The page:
How do you describe health? 

To me, good health is not just a strong body, but also a strong brain and good emotional health. Health and wellbeing are both physical and a state of mind.

 

As you know, our love for green tea is mutual. What are some of the benefits of drinking green tea?

Green tea is the second most popular beverage in the world, after drinking water. Its benefits come from polyphenols present in the leaves that dissolve into hot water when we brew green tea. By drinking these polyphenols, we can gain a variety of health benefits that have been studied by researchers. For example, studies have shown that people who drink more green tea have a lower risk of certain cancer, such as lung, colon and even breast cancer. Other studies have shown an association between drinking green tea and a lowered risk of heart disease, diabetes, obesity and dementia. In addition, consuming green tea has been shown to improve our metabolism and lower blood pressure and anxiety.

 

Are the studies specific to a certain type of green tea? Where does matcha come in?

Most green teas studied are commercially available Chinese and Japanese green teas. I have done studies with Japanese sencha and Chinese jasmine tea and found they can have different effects when it comes to cancer starving activity.  Combining the two led to even more beneficial activity.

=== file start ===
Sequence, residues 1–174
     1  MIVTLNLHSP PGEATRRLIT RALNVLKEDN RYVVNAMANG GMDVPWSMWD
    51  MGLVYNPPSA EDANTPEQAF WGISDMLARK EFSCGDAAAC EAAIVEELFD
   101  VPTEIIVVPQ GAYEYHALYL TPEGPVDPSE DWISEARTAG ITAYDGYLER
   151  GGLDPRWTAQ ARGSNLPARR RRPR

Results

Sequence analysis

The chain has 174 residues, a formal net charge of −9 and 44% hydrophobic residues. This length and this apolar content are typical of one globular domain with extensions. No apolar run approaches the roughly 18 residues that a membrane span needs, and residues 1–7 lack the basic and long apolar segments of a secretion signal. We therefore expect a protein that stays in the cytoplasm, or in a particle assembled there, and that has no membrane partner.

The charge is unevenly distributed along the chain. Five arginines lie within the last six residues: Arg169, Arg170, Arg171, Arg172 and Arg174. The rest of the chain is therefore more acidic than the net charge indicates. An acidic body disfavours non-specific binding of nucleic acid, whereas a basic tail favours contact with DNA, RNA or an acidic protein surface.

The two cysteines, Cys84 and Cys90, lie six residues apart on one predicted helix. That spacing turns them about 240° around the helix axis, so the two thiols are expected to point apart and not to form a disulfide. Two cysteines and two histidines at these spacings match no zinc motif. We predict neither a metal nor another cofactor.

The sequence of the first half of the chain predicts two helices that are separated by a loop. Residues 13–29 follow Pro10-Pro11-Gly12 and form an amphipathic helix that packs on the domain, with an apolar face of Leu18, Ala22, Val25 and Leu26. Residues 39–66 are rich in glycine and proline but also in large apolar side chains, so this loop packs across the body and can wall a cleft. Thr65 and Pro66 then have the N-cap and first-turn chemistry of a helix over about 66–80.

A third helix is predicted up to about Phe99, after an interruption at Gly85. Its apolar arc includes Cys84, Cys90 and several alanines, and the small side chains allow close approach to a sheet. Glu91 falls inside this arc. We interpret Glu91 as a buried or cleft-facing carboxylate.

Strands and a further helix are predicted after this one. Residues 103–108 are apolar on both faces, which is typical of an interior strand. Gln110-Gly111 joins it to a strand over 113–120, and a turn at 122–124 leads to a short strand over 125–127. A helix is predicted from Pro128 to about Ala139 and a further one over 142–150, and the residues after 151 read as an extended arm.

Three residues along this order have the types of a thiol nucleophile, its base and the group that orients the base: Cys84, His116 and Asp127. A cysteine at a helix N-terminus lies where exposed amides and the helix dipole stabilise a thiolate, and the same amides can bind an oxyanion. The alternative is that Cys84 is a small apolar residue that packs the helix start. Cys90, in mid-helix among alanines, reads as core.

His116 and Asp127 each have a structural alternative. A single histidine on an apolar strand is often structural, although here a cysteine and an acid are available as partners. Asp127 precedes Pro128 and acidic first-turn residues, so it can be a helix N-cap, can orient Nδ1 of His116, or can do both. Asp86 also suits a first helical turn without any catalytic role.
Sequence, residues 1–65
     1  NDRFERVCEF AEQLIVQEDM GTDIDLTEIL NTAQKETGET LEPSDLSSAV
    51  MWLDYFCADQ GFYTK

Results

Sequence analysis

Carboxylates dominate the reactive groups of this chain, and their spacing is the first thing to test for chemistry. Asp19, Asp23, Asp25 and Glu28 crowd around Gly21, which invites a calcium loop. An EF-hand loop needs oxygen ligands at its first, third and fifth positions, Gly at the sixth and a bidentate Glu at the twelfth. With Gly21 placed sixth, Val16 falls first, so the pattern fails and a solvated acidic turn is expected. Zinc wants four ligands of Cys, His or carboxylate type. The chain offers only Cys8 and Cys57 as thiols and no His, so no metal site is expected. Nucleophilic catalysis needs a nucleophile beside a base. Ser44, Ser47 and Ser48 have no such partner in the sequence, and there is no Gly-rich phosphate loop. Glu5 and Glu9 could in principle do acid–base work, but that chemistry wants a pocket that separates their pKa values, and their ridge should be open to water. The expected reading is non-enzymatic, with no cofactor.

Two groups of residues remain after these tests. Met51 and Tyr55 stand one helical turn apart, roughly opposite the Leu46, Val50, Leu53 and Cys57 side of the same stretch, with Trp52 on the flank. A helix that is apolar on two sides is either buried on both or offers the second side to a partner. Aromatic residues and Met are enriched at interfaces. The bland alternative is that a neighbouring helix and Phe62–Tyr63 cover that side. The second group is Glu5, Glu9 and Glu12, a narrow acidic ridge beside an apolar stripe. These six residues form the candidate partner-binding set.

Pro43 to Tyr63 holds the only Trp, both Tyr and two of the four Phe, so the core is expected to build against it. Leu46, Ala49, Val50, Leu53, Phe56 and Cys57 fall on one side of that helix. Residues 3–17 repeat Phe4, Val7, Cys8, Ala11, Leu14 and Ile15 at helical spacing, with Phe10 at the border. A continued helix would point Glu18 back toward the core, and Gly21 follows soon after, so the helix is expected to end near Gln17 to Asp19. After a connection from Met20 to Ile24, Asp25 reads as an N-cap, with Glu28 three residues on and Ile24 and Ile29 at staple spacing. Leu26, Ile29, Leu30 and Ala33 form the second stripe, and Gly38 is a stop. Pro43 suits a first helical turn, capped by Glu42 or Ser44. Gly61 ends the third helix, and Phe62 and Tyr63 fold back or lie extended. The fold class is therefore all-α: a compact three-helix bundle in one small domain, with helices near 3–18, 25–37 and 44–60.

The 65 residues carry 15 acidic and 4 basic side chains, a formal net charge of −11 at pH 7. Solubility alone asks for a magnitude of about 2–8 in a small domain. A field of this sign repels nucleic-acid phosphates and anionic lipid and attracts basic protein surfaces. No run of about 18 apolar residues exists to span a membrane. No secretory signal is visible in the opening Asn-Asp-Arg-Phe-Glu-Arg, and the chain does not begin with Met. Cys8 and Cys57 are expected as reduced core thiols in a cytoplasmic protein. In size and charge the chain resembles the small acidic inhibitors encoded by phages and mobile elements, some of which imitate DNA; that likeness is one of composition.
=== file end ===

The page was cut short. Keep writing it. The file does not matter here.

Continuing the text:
Matcha is a special type of green tea in which the leaves of tea grown in shade are completely ground into a fine powder which is then dissolved in hot water. This increases the potency of the tea, both in terms of taste as well as the amount of polyphenols. Studies of matcha have also shown it can destroy breast cancer stem cells.

 

Does how you prepare your tea make a difference in attaining the benefits?

Brewing tea is an art, but when it comes to extracting the polyphenols steeping the tea leaves is the key. The longer you steep the tea, the more polyphenols are released into the water. If you use a tea bag, a simple trick for getting more of the healthful polyphenols out is to dunk the tea bag a few times. You can also refrigerate the hot tea to make ice tea which will still retain the benefits.

 

What is the best time to drink green tea?

I drink tea around the clock. To me, drinking tea in the morning helps me have mental clarity.  In the evening, sipping tea is relaxing. So, there is no real best time for tea — any time is good, as far as I am concerned.

 

Are there other teas that have proven to be as beneficial?